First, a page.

The Cowfish serves burgers, sushi and burgushi.

Burgers Meet Sushi

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A Charlotte restaurant is blending two styles of food with great success.
By Amanda Baltazar October 2011 Stub

Toss together sushi and burgers, season, and pour into a greased pan.

What do you get? A crazy idea; a silly concept; a highly successful restaurant? All of these in fact and the result is The Cowfish, a sushi and burger bar in Charlotte, North Carolina.

“We decided we had to be different so we merged sushi and burgers together,” says Alan Springate, who co-owns the restaurant along with his business partner Marcus Hall. “We wanted to not take ourselves too seriously.”

The pair opened The Cowfish last November, playing on their joint expertise, offering burgers, sushi and a blend of the two, ‘burgushi.’ The latter includes sushi made out of burger components such as a beef roll with cheese and pesto, and bento boxes with a mini burger, half a sushi roll, Thai cucumbers, edamame and sweet potato fries.

Sales are approximately half sushi, half burgers, with burgushi accounting for around 10 percent of sales.“The burgushi menu items have a very loyal and very vocal group of fans,” Springate says.

The two business partners have run a sushi restaurant, eeZ, in a Charlotte suburb for six years and Springate also operated a burger concept in the city for two years but closed it to open The Cowfish in its place.

Before the restaurant launched, Springate and Hill ran focus groups to discover consumers’ thoughts on their unusual idea.

“About 50 percent looked at us like we were fools. The other half said that’s perfect—my wife loves sushi, I love burgers,” points out Hill. “Some in the focus group said no way; others said that’s crazy; others said what a great idea. Our goal was if we could get them in one time, they’d come back.”

The focus groups were a great idea, says Hill. “It’s money well spent. Listen to the guest, listen to the guest, listen to the guest.”

Springate and Hill also tested menu items extensively in the focus groups and found the feedback on price point to be invaluable.

“If there was a menu item we loved but it wasn’t well received in the focus groups, we never hesitated to remove it from the menu,” Springate says. “This is something we continue to do on an ongoing basis.”

Optimistic from the focus groups, yet still somewhat concerned that the concept was “too weird, too far out there, that we’d crash and burn,” the partners opened The Cowfish.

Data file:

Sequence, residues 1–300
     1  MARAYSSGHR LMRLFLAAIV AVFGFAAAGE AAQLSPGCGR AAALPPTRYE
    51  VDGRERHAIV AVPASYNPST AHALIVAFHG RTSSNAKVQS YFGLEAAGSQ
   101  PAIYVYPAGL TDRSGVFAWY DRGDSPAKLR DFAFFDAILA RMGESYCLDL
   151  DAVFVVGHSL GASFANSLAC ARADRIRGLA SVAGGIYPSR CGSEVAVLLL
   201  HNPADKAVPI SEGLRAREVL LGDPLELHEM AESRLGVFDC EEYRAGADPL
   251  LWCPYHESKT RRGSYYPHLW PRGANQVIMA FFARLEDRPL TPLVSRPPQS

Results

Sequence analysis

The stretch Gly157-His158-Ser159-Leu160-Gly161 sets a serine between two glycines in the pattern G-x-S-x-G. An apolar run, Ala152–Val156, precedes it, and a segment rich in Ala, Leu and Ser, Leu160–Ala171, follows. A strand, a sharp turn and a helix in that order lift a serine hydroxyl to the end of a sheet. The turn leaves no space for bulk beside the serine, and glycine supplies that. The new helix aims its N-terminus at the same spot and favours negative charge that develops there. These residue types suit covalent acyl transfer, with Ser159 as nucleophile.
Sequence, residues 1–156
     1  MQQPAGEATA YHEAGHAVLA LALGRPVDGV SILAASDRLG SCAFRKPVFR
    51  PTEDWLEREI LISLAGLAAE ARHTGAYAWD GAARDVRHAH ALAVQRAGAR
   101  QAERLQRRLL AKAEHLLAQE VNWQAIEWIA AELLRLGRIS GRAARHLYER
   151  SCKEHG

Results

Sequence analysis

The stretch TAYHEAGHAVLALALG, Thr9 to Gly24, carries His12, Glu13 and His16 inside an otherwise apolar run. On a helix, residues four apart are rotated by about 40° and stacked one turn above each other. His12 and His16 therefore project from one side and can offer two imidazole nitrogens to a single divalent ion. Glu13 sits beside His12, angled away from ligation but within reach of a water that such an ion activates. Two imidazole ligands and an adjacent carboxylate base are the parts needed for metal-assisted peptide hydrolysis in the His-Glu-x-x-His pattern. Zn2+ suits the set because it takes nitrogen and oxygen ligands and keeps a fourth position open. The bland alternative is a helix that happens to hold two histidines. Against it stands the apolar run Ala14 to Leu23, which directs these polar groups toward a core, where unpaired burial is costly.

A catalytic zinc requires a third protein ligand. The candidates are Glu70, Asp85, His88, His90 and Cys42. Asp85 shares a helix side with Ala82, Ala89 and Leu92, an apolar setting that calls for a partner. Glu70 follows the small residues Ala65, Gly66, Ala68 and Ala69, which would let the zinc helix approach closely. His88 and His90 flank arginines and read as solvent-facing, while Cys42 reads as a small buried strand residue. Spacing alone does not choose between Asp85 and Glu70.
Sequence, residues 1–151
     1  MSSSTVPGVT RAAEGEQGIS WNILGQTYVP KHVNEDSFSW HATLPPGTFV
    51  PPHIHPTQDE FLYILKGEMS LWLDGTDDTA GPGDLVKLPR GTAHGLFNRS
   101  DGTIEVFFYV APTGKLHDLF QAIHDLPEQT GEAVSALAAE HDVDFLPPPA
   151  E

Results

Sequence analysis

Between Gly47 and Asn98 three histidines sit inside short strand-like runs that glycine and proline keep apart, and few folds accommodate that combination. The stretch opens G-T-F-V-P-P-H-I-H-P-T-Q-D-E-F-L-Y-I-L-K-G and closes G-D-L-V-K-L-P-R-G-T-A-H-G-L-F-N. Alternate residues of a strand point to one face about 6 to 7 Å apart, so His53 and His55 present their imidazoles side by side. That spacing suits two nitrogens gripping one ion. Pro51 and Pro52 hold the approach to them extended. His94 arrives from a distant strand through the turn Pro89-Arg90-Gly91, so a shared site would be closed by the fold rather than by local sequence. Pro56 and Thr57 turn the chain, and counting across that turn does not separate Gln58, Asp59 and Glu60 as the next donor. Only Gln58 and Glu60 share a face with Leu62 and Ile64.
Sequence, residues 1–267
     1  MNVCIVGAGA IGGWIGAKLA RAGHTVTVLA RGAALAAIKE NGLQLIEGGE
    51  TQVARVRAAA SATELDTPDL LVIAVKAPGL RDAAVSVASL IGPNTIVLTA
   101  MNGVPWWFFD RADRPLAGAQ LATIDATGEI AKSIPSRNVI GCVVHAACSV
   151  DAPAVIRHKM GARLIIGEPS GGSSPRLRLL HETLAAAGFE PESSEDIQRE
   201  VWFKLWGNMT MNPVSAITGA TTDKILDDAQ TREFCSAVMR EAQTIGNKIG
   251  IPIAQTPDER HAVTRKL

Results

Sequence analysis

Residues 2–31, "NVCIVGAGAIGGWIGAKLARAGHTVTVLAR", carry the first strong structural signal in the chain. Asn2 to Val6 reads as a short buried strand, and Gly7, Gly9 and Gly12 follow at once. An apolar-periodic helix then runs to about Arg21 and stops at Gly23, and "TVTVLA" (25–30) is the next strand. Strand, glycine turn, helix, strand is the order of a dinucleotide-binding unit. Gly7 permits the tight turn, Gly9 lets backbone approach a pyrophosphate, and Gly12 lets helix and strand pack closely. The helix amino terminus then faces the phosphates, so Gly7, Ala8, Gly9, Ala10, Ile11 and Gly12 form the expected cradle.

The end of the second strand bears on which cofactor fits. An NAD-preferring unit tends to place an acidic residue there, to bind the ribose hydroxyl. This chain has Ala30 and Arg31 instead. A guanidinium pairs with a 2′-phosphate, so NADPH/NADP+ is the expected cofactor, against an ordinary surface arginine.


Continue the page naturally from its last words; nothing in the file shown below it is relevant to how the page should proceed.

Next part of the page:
The restaurant is now so successful that guests have to book weeks in advance for weekend meals and regulars are known as “Cowfish Junkies.” Sales are double the forecasts for this point, one year in.

Interest in The Cowfish starts through curiosity, Hill believes, but says that once diners come in and enjoy the food, they come back.

“We think the popularity of The Cowfish can be attributed to the fact that we are offering something completely different, in terms of food, setting and concept, from any other restaurant,” Springate says.

The partners have relied mostly on grassroots marketing. They give customers free appetizer offers so they can either return or pass them on to friends, and send out a newsletter once a month to the Cowfish Junkies with a clippable offer. “This keeps us in touch and it keeps [customers] updated,” Hill explains.

“Because of the uniqueness of The Cowfish you don’t have to scream it very loud. I would rather spend my marketing and advertising dollars giving people something that gets them in the door than do traditional marketing,” Hill explains.

But The Cowfish also goes the extra mile to keep its customers happy.

“If someone is not satisfied and they leave, we run through the parking lot to refund their money,” Hill says. It’s a culture I pray we can continue to keep alive.”

And Springate adds: “We work very hard to hire a very hungry team. We want everyone to have that fire, that drive. All the managers we look for have a true understanding of hospitality and guest mentality.”

Springate and Hill are ready to expand but not too quickly. “You want to strike while the iron is hot but you want to go slow and steady,” Hill points out.

So they’ll open one restaurant at a time, with the first likely opening in Raleigh, North Carolina, 170 miles away. This city is ideal because of its proximity to Charlotte, which will help in operations, Springate says, and the city is similar to Charlotte in feel.

They’d like to open this second restaurant within the next year but will evaluate every opening with a ‘one step at a time’ strategy.

“We know trends only last so long. So we need to stay fresh, stay new, not get boring, and not stop creating,” Hill says. “And as long as we all have creative juice, we’ll keep going.”